Banks 'must start lending to firms'
The Government has been warned it must order banks to start lending to smaller businesses fighting for survival in the credit squeeze.
Labour leader Eamon Gilmore said more than half of traders around the country are being snubbed by lenders that were bailed out by taxpayers.
Despite being handed billions of euro from the public purse on the condition they help keep small and medium-sized firms afloat, most businesses are being turned away at the bank doors, said Mr Gilmore.
"They're told not to bother, they are told to go away," he said. "They don't even see the bank manager or officials - they're sent packing with a flea in their ear."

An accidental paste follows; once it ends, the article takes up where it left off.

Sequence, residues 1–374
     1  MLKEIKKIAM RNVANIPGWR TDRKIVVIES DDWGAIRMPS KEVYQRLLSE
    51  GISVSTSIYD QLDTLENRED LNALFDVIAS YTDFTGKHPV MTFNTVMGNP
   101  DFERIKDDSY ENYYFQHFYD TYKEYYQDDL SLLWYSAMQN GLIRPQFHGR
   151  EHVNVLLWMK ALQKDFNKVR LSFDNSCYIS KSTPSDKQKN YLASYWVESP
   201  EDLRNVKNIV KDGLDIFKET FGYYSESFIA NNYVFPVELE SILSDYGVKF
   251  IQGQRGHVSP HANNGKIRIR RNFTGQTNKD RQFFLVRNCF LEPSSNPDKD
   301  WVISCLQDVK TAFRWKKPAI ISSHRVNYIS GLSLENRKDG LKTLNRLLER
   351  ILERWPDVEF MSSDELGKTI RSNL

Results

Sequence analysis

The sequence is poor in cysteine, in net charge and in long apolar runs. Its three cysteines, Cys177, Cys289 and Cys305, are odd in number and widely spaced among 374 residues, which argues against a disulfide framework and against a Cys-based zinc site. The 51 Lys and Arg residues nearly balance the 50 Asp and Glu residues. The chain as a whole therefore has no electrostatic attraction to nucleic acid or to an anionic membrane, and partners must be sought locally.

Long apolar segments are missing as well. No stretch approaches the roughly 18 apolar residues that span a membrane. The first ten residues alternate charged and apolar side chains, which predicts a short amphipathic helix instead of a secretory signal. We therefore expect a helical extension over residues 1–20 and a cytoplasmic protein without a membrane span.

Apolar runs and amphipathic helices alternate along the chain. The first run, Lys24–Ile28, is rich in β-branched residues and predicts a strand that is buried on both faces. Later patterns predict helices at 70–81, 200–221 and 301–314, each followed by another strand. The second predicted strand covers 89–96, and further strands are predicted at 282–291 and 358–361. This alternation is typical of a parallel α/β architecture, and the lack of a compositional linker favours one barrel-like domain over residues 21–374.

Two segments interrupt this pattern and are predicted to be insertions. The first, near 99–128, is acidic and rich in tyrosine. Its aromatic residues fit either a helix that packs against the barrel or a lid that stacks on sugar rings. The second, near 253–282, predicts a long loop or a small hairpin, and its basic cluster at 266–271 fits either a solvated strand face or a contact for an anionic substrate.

Mr Gilmore referred to a survey by Isme - which represents thousands of small and medium-sized enterprises - which showed 55% of their members were refused credit in the last three months.
The banks' "two-fingered response" to repeated demands they start lending again is putting thousands of jobs at risk, the Labour leader warned.
"Let's get this straight, the banks have got the money and they're not going to give it back," he said.
"Having got the commitment from the taxpayer, the Government should now in no uncertain terms be telling the banks that they have to lend to small and medium-sized businesses - that's why they got the money."
Responding to criticism of the Government's role, Taoiseach Brian Cowen said the whole purpose of the recapitalisation was so banks could continue lending.
Mr Cowen said both the Bank of Ireland and Allied Irish Bank - the country's two main lenders - have been asked to provide 3 billion euro each for new or increased credit facilities this year and in 2011. "That has not yet been met as far as Government is concerned and we continue to engage very directly with those banks," he said.